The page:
Assistant Professor/Faculty Fellow
B.A., English and Italian, University of Kansas, 2013
M.A., English and Comparative Literature, Columbia University, 2015
Ph.D., English and Comparative Literature, Columbia University, 2021
Bernadette Myers is a scholar of early modern English literature and culture, specializing in theater, the environmental humanities, and the material culture of early modern London. Her current book project, The Nature of London: Urban Ecology and the Early Modern English Stage, argues that Shakespeare and his contemporaries developed concepts, practices, and habits of mind that informed early attitudes and expectations about urban sustainability. Drawing on archaeological evidence and urban environmental history, "The Nature of London" resituates the rise of the theater industry within an unprecedented environmental crisis facing London at the end of the sixteenth century. Ultimately, her project illustrates how the material and imaginative resources of dramatic form helped to reconstitute the city as a co-fabrication between human and nonhuman forces, long before the phrase “urban ecology” emerged in scientific discourse. An article taken from this project has been published in Shakespeare Quarterly. Other articles and reviews on archive theory and premodern ecologies have been published in the Journal of Contemporary Archival Studies and ISLE: Interdisciplinary Studies in Literature and the Environment. Prior to joining NYU, Myers was a postdoctoral fellow in the Department of English and Comparative Literature at Columbia University, where she taught a wide range of courses including composition, the introduction to the English major, and the flagship “great books” seminar, Literature Humanities. In fall 2018, she served as the program coordinator for the Columbia in London program, in partnership with Queen Mary University, where she co-taught “London in Postcolonial Fiction.” Her research has been supported by the Folger Shakespeare Library and the Shakespeare Association of America, which awarded her the J. Leeds Barroll Dissertation Prize in 2022.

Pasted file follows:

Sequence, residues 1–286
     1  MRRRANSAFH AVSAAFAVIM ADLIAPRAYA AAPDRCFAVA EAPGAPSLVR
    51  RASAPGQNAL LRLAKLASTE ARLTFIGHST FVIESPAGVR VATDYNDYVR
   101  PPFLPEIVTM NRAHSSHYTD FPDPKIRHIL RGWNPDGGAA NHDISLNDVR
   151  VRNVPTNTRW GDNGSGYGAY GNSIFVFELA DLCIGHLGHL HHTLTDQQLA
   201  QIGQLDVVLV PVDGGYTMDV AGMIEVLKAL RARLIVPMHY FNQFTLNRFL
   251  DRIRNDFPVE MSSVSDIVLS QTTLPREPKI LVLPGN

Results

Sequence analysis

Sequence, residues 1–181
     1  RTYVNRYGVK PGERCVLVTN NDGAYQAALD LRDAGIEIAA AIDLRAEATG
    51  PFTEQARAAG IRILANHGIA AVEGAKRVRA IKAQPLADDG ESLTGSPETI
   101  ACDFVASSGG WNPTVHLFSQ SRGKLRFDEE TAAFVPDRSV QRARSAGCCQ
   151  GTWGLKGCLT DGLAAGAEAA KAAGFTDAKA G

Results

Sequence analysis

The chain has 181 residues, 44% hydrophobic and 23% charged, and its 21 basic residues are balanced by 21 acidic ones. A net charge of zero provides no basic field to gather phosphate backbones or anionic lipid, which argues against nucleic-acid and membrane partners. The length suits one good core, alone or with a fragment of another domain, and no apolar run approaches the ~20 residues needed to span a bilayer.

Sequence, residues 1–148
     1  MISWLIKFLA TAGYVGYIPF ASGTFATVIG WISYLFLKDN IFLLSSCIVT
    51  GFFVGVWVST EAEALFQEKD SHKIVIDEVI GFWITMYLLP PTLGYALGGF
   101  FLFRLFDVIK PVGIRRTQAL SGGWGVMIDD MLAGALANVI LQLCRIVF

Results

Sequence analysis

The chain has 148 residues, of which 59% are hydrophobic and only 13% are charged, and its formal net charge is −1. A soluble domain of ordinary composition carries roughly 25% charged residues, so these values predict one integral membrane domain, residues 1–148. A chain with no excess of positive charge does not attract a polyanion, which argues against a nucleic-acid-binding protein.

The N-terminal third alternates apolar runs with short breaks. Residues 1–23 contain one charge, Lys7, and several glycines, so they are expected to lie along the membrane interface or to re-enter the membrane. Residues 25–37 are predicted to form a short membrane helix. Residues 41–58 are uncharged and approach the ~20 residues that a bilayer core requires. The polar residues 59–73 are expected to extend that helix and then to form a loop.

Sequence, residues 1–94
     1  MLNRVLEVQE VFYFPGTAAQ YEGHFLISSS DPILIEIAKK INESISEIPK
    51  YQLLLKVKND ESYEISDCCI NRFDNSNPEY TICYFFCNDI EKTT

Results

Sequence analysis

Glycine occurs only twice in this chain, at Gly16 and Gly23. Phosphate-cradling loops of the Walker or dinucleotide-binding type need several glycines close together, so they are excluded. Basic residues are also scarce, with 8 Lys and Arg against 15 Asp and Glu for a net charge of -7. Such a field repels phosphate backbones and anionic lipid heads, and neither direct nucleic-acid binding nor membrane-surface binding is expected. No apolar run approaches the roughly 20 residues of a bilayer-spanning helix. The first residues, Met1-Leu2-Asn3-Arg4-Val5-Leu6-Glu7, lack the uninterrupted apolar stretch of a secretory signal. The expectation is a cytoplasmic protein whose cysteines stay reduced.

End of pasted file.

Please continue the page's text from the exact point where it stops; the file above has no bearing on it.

literature and culture of early modern England; Shakespeare; theater history; drama and performance studies; environmental humanities; energy studies; theories of the archive; urban studies.